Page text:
The following is a summary of my interview with Cleo Franklin, Muscatine Community College alum from 1978, who went on to play a leadership role in multiple companies.
Cleo Franklin and former president of MCC Bob Allbee attended MCC together. They were from different backgrounds, but connected as athletes and friends then, and to this day. Cleo was offered a chance to play at the University of Iowa but rather than being redshirted, he decided to attend a community college and played basketball at MCC. He was one of the top high-school recruits from the Chicago area. “My dream was to be a Hawkeye,” Franklin told me, ‘’and I turned down scholarship offers from several major universities and Ivy League Colleges, such as Dartmouth and Cornell, with dreams of putting on the Iowa black and gold.’’ Franklin became the all-time leading scorer at MCC while earning his associate of arts from MCC. “The basketball recruiting process started all over again after I graduated which was tough. My parents were not happy that I turned down prestigious scholarship offers before coming to MCC, so I asked them to pick the school to which I would transfer to make amends. They selected Morningside College in Sioux City. I enjoyed my time there and had many successes from being elected as the first African American student body president and completing my basketball career as one of the nation’s top Division II basketball players and the eighth all time second leading scorer in Morningside’s history only after two years of playing."
"Coming to Muscatine represented the best of times and the worst of times as an 18-year-old. Moving from Chicago to a rural area was a great adjustment. It also expanded my horizons within agriculture and helped to set my future career path at John Deere, Case New Holland and Mahindra/ Mahindra."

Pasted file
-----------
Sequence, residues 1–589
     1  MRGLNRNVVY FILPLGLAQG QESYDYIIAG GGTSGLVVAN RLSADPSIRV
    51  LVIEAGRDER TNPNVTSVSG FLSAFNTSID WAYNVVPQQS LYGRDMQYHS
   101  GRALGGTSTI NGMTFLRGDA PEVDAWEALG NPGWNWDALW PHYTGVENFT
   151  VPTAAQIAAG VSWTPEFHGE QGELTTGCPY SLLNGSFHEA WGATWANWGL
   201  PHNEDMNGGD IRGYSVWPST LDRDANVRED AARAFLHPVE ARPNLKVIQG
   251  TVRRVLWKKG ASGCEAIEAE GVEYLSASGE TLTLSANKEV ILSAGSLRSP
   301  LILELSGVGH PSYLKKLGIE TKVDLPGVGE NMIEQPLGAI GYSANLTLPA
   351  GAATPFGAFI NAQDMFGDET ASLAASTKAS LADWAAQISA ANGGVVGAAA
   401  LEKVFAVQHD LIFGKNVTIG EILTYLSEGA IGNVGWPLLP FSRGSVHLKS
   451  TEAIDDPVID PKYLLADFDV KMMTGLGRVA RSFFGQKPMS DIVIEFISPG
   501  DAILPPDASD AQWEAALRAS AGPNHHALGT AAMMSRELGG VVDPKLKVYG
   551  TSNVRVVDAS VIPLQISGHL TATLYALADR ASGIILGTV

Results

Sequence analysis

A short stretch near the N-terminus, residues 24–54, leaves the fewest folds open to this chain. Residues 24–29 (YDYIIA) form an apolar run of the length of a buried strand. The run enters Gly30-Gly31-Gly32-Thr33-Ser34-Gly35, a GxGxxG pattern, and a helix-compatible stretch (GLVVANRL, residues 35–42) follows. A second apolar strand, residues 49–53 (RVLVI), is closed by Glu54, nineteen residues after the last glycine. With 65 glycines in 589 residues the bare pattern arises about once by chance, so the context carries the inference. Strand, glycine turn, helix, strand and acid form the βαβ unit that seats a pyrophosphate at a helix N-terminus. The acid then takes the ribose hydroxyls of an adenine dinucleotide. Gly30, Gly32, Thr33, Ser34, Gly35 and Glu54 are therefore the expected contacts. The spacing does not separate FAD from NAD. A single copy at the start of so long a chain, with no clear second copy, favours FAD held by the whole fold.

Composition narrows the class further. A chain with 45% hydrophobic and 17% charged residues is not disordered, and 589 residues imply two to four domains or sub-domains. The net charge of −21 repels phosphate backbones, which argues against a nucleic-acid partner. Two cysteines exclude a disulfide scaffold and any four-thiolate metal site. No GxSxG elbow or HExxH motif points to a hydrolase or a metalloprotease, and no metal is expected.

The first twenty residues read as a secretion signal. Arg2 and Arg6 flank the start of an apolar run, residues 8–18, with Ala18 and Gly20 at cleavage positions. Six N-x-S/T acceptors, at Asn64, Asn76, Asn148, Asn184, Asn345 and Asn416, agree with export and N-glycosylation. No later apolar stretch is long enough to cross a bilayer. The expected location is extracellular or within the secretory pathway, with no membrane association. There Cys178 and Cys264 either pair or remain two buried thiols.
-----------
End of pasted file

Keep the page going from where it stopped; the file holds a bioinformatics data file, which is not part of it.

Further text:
Franklin’s goal had always been to earn an MBA and after three tries, graduated from the University of North Carolina — Chapel Hill.
“The colleges that will be able to embrace and partner within their communities beyond academics, while helping to make the lives better of those who live, work and reside in the community will be best positioned to succeed after COVID-19. This is a great time and opportunity for community colleges like MCC that provide a great value for students to gain a quality education, while maintaining a community connection. If I had been a student at MCC during COVID-19, I believe I would have recognized that while my short term plans may have changed, my eyes would have remained on my long term goal. I believe in the power of the struggle and the ability to embrace challenges and failure, as they are the seeds of success. The one valuable lesson for us all, despite the chaos COVID-19 has created in our lives, is that within chaos, there is also opportunity. No matter what happens to us in life, it is how we respond that matters.”
“Envision it and work to achieve it,” is one of the pieces of advice Franklin shares with me. “I have been blessed to visit urban and rural areas across the globe and found a shared humanity connects us all in this world. Especially within agriculture, it is the connection to the land that farmers from across the world can appreciate, relate to and understand. Being on a farm in Germany, China, Italy, Japan, Brazil, Mexico, and Iowa, I saw the pride of stewardship of the land. It is the strong heritage and love for farming that bridge cultures, geographies and languages, and no matter where you are from, or what you are farming, farmers can easily recognize when they meet those who are connected to the land.”
Franklin graduated with a bachelor’s degree in social work and also began a non-profit at his alma mater, Morningside College, the Franklin Leadership Foundation and was inducted into the college’s Hall of Fame in 2018. He currently runs a global consulting business, and is a senior corporate fellow at the University of Houston’s MBA program. He served on the National Foundation Board of the FFA until 2017 and was awarded the FFA Honorary American Degree for his contribution to Agriculture. During his board tenure he also spearheaded two initiatives he is very proud of: Women in Ag and the Urban Agriculture scholarship program that promoted a pathway toward a career in agriculture for minorities and women. Franklin has released a new book, sharing 10 leadership lessons that he has learned over his illustrious life to share with anyone aspiring for a career in leadership. The book is entitled "Coffee with Cleo." Franklin has not returned to Muscatine since his graduation. It would be wonderful to welcome him back.
Dr. Naomi DeWinter is the President of Muscatine Community College, “The Community’s College”. MJC/MCC was established in 1929 and has proudly served the community for over 90 years. Contact email@example.com.
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